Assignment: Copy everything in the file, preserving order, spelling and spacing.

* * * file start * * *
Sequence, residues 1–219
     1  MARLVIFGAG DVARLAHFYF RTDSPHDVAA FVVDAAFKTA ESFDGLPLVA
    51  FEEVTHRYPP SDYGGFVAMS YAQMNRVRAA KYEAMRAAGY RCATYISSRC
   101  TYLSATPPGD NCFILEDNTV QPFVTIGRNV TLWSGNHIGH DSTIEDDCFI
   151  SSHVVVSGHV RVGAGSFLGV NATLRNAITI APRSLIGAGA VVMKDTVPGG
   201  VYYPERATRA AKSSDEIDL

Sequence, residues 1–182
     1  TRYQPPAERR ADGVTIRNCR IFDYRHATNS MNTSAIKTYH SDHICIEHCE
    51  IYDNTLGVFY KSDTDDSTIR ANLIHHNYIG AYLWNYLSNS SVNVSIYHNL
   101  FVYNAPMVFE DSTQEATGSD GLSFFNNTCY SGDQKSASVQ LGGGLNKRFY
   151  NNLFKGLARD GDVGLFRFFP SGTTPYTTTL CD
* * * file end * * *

Sequence, residues 1–219
     1  MARLVIFGAG DVARLAHFYF RTDSPHDVAA FVVDAAFKTA ESFDGLPLVA
    51  FEEVTHRYPP SDYGGFVAMS YAQMNRVRAA KYEAMRAAGY RCATYISSRC
   101  TYLSATPPGD NCFILEDNTV QPFVTIGRNV TLWSGNHIGH DSTIEDDCFI
   151  SSHVVVSGHV RVGAGSFLGV NATLRNAITI APRSLIGAGA VVMKDTVPGG
   201  VYYPERATRA AKSSDEIDL

Sequence, residues 1–182
     1  TRYQPPAERR ADGVTIRNCR IFDYRHATNS MNTSAIKTYH SDHICIEHCE
    51  IYDNTLGVFY KSDTDDSTIR ANLIHHNYIG AYLWNYLSNS SVNVSIYHNL
   101  FVYNAPMVFE DSTQEATGSD GLSFFNNTCY SGDQKSASVQ LGGGLNKRFY
   151  NNLFKGLARD GDVGLFRFFP SGTTPYTTTL CD